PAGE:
Google U-turns on gambling policy
by Hannah Kimuyu
We have to confess we weren't all that surprised to hear today's leaked news that Google plans to reverse its gambling policy tomorrow (Friday 17 October, when the announcement will be officially made).
In a complete about-turn, the search engine giant will now allow gambling adverts that target England, Scotland and Wales. A company spokesperson today said: 'Google AdWords will allow online gambling advertisements targeted to Great Britain as long as the advertiser is registered with the Gambling Commission and provides a valid operating licence number.'
With the former ban made as recently as June 2007, today's scoop begs the question: why now?
While a Google company statement claims the policy reversal was caused by 'several factors, including business, legal and cultural considerations', we would suggest otherwise. We believe the policy reversal is partly a reaction to the credit crisis and advertisers' reduced budgets. Even the mighty Google is feeling the crunch; in fact, Google's share price dropped to its lowest in a long time ($339 today, 6.5% lower than the day before). We also see it as an ill-disguised attempt to increase Google's market share even further - that, and a response to encouragement from major industry players.
The implications are many. Advertisers with a valid licence will be able to start advertising almost immediately and so increase their own UK market shares. But affiliates and major brands - who found ways of getting gambling ads out during the ban - will ultimately face increased costs-per-click and acquisition costs. This is not so much a problem for the major brands, but it will certainly make competing in the marketplace more difficult for the affiliates.
Microsoft in bids to boost search engine users
Microsoft is making some firm attempts to win over search engine users from Google. Facebook users can now search the web using Microsoft's search engine without even leaving the social network.
But sceptics wonder how much of a boost Microsoft will achieve from their residence in Facebook. It will likely increase brand awareness, but will it drive search traffic and revenue, considering all the searches will take place within the social network anyway?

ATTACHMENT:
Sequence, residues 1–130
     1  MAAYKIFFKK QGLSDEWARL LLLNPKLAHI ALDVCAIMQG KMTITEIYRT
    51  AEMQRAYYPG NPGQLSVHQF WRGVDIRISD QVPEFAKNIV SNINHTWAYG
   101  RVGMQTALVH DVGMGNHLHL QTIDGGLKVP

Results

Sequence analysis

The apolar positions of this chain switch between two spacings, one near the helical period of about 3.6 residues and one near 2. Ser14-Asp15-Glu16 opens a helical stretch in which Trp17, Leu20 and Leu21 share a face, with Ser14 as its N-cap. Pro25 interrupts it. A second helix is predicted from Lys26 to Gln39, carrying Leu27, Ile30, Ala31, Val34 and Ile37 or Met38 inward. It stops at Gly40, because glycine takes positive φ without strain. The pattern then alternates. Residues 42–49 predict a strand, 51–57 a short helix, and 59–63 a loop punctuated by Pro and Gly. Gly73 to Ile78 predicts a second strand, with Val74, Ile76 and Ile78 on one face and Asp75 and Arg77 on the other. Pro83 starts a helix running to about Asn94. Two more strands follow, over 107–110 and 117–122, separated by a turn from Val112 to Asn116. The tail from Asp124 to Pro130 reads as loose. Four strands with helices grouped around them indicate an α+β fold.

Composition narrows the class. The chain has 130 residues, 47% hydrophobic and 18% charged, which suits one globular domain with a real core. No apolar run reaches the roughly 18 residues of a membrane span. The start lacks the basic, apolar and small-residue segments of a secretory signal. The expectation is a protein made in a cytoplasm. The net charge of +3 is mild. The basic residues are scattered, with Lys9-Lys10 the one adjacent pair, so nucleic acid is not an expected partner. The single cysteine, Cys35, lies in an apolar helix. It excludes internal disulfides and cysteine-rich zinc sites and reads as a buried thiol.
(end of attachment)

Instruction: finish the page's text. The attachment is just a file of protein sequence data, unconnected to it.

In a further bid to increase traffic, Microsoft is launching an air-mile style promotion, named Search Perks, in the US. The scheme will allow all US internet users to earn a 'ticket' every time they conduct a search on its Live Search site. These can then be redeemed against 'prizes' such as free music downloads and air miles.
In other Microsoft news, the organisation is set to develop three online search technology centres in London, Paris and Munich. Part of Microsoft's continued investment in research and development, the centres will support projects such as a $500m European data centre.
YahOL or AHoo scenario could become reality this month
As Yahoo continues its drawn-out merger discussions with AOL, there is talk of a deal happening as early as this month.
The discussions surround Yahoo's acquisition of AOL's content, services and advertising, but not their ISP services. Time Warner would also offer a couple of billion dollars in cash and have a one-third stake in the new entity.
The proposed deal has its pros and its cons. The companies in question believe Yahoo's advertising platform would monetise AOL assets to just over $2.4 billion annually, far more than AOL generates today. On the downside, the combination of Yahoo/AOL would have 48% of all email accounts worldwide, and 39% of the global market share for instant messaging. But this would only be a problem if Microsoft (who has 42% of all international email accounts and 55% of the global market share for instant messaging) bought the combined entity.
What isn't clear is whether AOL's assets will fix any of Yahoo's problems. TechCrunch maintains AOL-Yahoo can't succeed in the long run without strong and competitive search advertising. In an article dated 6 October they said: 'It may take the (US) Department of Justice to get that message through to Yahoo's executive team.'